Development of inhibitory immune responses to vector and transgene products continues to be a major impediment to long-term correction of genetic disorders. To circumvent this problem, we propose to deliver and express genes early in the maturation of the immune system, with the goal of achieving tolerance to therapeutic gene products and gene delivery vectors. This would also enable pre-emptive treatment of genetic Disorders with perinatal morbidity and mortality. In this context, one of the important differences in ontogeny between mouse and human immune systems is that T cell maturation primarily occurs early during the postnatal period in the mouse, but during mid-gestation in human development. Thus, the'immunological maturity of postnatal mice within the first 3 weeks of life represents a more relevant preclinical model to test strategies for perinatal gene delivery and induction of immunotolerance in humans. Therefore, the overall goal of this revised proposal is to develop strategies for induction of immunotolerance to AAV vector- mediated delivery and expression of transgenes in neonatal mice. Throughout, we will (1) compare bio- distribution, level, and duration of gene expression after primary neonatal delivery and secondary adult re- challenge with highly efficient AAV 1 and 8 serotype vectors, (2) monitor immune responses to the vectors and an intracellular reporter, luciferase, or a secreted therapeutic protein, Factor IX, and (3) define the critical period in the first 3 weeks of life when induction of tolerance is feasible. We will also examine whether differences in AAV 1 vs. 8 tissue tropism affect immune response, and whether the route of administration (IV or IP delivery) affects immune responses to human Factor IX in normal and hemophilic animals. Finally, through adoptive transfer and immunodepletion experiments, we will identify specific immune mechanisms that may influence the persistence or abrogation of gene expression following neonatal gene delivery and adult re-challenge with AAV-murine F.IX vectors in hemophilic animals.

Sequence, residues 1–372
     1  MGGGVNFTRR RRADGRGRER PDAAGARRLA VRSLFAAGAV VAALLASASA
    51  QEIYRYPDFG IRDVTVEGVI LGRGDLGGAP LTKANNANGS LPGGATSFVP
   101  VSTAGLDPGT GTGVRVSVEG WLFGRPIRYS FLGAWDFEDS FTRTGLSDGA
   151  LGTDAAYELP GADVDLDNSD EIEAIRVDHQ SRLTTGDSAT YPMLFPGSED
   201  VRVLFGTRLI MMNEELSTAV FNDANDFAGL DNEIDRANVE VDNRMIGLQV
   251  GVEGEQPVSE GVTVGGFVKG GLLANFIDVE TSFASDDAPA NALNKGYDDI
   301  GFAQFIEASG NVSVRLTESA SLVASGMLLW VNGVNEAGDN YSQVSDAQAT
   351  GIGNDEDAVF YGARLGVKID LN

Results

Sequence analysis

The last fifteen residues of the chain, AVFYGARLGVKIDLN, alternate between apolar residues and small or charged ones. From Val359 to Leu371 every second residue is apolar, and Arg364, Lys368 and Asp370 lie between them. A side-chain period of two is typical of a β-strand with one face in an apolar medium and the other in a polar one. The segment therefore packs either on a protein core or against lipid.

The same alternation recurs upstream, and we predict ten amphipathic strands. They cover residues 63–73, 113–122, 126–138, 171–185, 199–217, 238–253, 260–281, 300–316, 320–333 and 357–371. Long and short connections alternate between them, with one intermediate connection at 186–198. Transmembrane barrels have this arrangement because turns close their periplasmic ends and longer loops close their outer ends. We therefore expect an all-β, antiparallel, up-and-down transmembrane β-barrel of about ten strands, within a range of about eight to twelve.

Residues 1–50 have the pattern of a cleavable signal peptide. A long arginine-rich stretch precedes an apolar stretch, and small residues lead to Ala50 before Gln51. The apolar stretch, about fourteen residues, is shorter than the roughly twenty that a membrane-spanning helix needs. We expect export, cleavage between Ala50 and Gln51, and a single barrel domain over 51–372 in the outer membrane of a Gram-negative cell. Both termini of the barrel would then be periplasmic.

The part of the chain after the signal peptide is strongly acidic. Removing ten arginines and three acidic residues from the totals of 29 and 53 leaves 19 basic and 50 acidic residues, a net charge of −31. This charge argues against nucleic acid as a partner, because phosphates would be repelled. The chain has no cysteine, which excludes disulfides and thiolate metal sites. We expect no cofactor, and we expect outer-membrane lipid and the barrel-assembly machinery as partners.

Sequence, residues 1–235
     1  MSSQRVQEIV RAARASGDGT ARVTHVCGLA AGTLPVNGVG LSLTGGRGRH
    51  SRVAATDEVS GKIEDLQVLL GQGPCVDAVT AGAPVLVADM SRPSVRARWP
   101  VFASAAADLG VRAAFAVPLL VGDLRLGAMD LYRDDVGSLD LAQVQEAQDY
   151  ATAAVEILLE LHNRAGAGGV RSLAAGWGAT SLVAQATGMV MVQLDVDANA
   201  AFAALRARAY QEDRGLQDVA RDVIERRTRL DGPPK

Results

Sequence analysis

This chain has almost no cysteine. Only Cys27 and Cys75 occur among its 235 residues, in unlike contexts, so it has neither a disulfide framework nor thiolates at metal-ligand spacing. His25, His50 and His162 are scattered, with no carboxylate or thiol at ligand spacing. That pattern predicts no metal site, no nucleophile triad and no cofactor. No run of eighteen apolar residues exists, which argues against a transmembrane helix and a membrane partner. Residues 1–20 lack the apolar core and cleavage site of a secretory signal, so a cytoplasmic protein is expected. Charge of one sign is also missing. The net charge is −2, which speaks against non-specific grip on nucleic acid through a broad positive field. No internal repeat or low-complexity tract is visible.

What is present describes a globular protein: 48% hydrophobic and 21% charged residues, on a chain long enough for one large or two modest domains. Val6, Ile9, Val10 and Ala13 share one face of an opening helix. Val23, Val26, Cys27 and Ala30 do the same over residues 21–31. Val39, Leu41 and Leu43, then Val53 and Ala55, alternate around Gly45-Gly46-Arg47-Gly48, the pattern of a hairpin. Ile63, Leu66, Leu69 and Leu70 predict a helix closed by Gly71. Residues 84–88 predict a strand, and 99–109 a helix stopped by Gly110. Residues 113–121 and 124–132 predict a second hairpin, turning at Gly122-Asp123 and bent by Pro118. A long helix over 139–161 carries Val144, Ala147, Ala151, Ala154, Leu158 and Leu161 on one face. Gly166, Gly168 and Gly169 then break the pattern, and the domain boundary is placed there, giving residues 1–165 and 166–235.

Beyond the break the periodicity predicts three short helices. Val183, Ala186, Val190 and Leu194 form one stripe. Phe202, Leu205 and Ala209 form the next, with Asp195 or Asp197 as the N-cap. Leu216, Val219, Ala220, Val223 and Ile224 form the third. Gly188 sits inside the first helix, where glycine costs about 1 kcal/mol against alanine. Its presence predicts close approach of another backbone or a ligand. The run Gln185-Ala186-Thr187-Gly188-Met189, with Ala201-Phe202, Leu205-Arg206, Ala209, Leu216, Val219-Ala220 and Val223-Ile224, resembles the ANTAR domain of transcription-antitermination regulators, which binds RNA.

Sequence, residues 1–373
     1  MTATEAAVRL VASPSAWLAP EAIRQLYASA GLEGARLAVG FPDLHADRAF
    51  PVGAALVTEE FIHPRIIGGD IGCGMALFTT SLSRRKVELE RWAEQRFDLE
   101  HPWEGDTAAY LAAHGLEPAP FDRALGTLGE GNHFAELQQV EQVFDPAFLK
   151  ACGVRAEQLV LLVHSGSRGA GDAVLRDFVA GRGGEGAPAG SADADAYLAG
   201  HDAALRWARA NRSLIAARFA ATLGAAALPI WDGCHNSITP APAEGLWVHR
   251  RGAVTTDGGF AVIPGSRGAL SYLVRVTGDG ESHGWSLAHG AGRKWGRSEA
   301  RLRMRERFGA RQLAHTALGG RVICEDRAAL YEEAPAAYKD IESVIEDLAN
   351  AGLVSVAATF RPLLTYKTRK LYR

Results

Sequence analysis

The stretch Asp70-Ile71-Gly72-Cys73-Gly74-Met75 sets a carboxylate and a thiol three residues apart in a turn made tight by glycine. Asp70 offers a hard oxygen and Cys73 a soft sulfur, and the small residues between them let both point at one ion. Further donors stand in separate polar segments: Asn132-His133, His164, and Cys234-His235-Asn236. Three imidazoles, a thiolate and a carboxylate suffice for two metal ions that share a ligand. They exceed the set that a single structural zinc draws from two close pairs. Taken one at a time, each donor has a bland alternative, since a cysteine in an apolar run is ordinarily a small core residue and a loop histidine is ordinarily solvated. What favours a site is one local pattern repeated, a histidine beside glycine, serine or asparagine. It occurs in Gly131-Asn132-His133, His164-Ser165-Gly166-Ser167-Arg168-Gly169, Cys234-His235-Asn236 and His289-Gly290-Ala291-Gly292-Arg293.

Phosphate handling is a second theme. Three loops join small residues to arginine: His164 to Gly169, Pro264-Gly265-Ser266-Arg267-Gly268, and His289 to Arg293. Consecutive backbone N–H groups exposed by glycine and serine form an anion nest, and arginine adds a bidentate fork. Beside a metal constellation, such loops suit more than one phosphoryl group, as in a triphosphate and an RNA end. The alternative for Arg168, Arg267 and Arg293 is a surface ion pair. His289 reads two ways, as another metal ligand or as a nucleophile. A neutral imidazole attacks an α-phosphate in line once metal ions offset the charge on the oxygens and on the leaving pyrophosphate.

Public Health Relevance

. These studies will define a period in immune ontogeny when viral gene delivery vectors can be repeatedly injected and expressed without eliciting inhibitory immune responses that limit therapeutic gene expression. Furthermore, for many genetic disorders, intervention in the perinatal period to correct the disorder would limit or abrogate the development of irrevocable, often lethal consequences of the disease.

National Institute of Health (NIH)
National Institute of Diabetes and Digestive and Kidney Diseases (NIDDK)
Research Project (R01)
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Gene and Drug Delivery Systems Study Section (GDD)
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Mckeon, Catherine T
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University of California San Francisco
Internal Medicine/Medicine
Schools of Medicine
San Francisco
United States
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